Tag Archives: Regenerative medicine

Development in Cuba stem cell treatments

It expects a satisfactory outcome of the 3700 patients who were treated with stem cells until December of 2011, as part of the studies conducted in Cuba on this therapy.

The effects are similar to those from developed countries to avoid most major amputations sick, the newspaper Granma said Porfirio Hernandez, coordinator of the National Group for Regenerative Medicine, Ministry of Public Health.

But he said that the procedure is still in clinical trials with strict selection criteria, although such services are provided in 10 of the 15 provinces of the Caribbean country.

Six of 10 patients treated with the procedure had
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Isolation of Seven Diverse Cartilage and Bone Cell Types From Stem Cells

BioTime Inc, a biotechnology company that develops and markets products in the field of regenerative medicine, and its subsidiaries OrthoCyte Corporation and LifeMap Sciences reported today a means of manufacturing seven distinct types of cartilage, bone, and tendon cells from human embryonic stem cells. The paper, scheduled to be published online (ahead of print) at 1600 GMT today in the peer-reviewed journal Regenerative Medicine, characterizes the seven cell types generated using BioTime’s proprietary PureStem(TM) technology. The study compared the novel cells with adult stem cells, known as mesenchymal stem cells (MSCs), and revealed properties of the new cell lines
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Probing the power of stem cells

Piece by missing piece, scientists at the Keck School of Medicine of USC are deciphering the powerful gene regulatory circuit that maintains and controls the potential of embryonic stem cells (ESCs) to form any type of cell in the body.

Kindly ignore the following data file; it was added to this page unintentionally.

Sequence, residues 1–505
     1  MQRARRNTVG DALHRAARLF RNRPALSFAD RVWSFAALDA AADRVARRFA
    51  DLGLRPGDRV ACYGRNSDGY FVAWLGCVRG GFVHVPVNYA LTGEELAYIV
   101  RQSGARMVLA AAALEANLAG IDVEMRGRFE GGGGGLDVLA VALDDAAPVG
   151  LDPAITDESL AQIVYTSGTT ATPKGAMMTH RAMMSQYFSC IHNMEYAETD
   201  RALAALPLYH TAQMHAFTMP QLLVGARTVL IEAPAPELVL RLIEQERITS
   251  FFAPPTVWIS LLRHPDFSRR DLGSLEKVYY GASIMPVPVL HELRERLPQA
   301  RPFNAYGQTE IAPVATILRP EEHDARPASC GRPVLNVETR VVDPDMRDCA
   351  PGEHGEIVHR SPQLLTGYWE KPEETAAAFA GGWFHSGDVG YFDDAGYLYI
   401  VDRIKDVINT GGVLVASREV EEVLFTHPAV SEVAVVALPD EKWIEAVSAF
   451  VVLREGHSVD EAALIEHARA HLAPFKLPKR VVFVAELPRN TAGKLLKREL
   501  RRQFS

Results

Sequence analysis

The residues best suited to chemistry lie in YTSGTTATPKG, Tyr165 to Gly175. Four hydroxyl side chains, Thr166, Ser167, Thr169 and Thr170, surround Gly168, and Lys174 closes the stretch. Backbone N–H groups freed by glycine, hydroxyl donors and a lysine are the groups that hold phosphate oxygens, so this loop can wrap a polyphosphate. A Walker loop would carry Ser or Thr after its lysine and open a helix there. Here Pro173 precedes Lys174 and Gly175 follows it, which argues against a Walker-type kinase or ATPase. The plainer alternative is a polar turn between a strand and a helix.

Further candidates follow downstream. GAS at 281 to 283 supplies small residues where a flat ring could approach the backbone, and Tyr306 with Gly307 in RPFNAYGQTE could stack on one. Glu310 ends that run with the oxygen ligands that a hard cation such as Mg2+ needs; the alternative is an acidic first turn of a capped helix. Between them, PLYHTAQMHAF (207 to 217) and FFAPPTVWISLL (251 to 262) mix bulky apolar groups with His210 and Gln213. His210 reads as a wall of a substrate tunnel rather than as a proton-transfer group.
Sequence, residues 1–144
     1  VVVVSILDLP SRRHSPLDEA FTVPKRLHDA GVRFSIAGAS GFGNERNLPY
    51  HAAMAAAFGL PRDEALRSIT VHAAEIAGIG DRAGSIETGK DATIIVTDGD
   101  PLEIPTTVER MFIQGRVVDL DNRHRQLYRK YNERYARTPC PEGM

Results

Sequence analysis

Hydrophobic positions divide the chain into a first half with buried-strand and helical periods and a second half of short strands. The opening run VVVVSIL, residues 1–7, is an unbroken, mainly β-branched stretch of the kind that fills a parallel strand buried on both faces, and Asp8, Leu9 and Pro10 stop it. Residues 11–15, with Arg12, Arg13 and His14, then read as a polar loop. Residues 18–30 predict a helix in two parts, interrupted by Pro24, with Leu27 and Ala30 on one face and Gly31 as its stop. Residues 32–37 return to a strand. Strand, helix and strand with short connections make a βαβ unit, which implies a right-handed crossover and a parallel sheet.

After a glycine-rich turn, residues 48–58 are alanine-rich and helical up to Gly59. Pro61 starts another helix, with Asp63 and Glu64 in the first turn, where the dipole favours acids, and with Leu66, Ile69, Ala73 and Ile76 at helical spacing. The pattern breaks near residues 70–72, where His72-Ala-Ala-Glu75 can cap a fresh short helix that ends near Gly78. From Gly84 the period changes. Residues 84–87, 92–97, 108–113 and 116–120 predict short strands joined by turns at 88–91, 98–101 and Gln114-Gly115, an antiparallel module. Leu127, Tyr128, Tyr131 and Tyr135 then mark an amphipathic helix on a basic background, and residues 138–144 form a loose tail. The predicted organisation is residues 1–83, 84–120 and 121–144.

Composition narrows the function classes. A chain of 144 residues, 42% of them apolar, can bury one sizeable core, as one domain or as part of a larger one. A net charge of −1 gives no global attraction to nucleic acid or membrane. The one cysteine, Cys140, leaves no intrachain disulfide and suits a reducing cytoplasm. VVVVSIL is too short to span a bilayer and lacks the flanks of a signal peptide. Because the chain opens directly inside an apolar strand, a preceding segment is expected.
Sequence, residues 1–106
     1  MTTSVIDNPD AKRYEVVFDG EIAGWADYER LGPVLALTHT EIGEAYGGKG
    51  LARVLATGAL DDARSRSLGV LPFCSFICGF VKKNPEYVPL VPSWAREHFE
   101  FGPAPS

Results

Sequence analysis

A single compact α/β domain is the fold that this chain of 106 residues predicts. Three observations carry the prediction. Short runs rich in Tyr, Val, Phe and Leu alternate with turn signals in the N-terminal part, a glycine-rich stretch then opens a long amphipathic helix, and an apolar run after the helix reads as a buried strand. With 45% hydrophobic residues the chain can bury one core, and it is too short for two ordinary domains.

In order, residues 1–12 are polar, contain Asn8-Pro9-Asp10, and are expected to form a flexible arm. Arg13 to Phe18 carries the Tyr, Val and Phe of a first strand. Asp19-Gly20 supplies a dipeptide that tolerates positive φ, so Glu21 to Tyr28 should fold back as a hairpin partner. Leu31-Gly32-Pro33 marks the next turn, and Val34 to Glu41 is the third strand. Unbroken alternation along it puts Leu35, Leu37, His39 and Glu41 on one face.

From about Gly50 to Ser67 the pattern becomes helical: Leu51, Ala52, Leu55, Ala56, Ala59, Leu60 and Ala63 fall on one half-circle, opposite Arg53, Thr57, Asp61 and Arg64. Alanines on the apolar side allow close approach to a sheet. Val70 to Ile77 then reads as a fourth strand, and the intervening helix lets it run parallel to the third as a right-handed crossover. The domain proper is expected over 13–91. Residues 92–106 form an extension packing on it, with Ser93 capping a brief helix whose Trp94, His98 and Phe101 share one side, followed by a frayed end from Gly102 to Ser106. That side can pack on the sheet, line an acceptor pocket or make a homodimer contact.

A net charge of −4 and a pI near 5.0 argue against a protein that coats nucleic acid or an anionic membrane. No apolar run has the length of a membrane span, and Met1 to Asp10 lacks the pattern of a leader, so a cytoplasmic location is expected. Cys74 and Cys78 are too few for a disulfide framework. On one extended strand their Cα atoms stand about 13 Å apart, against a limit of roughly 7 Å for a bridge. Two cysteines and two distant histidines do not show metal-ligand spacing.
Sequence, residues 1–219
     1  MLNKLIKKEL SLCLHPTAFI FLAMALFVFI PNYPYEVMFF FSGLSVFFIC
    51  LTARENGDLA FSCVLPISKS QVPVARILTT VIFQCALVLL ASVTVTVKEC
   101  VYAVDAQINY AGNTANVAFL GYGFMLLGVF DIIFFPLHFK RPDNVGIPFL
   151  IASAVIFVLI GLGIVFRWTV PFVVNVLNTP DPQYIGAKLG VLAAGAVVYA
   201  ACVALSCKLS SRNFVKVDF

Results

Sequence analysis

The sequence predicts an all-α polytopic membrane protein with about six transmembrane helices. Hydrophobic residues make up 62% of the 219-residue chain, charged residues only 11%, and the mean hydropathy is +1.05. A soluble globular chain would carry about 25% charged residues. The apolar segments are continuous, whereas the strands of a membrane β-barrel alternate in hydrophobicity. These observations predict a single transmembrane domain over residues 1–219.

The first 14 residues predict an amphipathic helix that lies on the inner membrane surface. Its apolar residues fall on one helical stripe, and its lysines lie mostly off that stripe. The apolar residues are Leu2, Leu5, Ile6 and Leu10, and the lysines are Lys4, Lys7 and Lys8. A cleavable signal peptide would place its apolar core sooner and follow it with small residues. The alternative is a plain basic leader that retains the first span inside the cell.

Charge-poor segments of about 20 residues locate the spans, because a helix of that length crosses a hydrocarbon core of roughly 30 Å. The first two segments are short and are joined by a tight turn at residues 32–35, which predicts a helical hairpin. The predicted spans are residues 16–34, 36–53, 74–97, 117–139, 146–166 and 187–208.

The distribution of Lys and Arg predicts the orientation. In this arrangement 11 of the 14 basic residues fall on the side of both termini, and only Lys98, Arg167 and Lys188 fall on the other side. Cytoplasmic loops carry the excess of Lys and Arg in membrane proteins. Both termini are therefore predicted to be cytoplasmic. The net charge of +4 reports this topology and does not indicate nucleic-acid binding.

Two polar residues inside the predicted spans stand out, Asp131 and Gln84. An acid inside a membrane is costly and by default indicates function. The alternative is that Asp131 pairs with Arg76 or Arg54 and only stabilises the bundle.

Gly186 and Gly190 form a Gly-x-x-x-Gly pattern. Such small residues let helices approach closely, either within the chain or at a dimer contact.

Recent findings by Provost Professor Andrew McMahon, director of the Eli and Edythe Broad Center for Regenerative Medicine and Stem Cell Research at USC, and Qilong Ying, associate professor of cell and neurobiology, underscore the essential role of basic science in paving the way for future medical breakthroughs.

McMahon and Ying are in pursuit of the ways in which the intricate
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Stanford’s Irving Weissman on the (lost?) promise of stem cells

Stanford stem cell researcher Irving Weissman, MD, published an article in Cell Stem Cell today discussing barriers to stem cell research:

While I am usually an optimist, I must admit that there is a possibility that we will continue to be in the Dark Ages of medicine for quite some time. I fear that therapies using purified tissue and organ-specific stem cells – the only self-renewing cells in a tissue or that can regenerate that tissue or organ for life – will remain elusive.

Weissman, who directs Stanford’s Institute for Stem Cell Biology and Regenerative Medicine, goes on to cover the
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Regenerative Medicine Generates Hope

With the motto Advancing Science to Heal the World the BU stem cell scientists who founded the Center for Regenerative Medicine(CReM) could be pegged as starry-eyed idealists or scientific superheroes. Or perhaps a bit of both.

CReM codirectors Darrell Kotton, Gustavo Mostoslavsky, and George Murphy have established themselves as venturesome researchers who are willing to share their discoveries with almost anyone. And they do it for free—bucking the prevailing trend to patent, publish, and protect scientific breakthroughs. The trio’s “open source biology” is just one of the things they teach to the next generation of stem cell researchers at CReM.

Open
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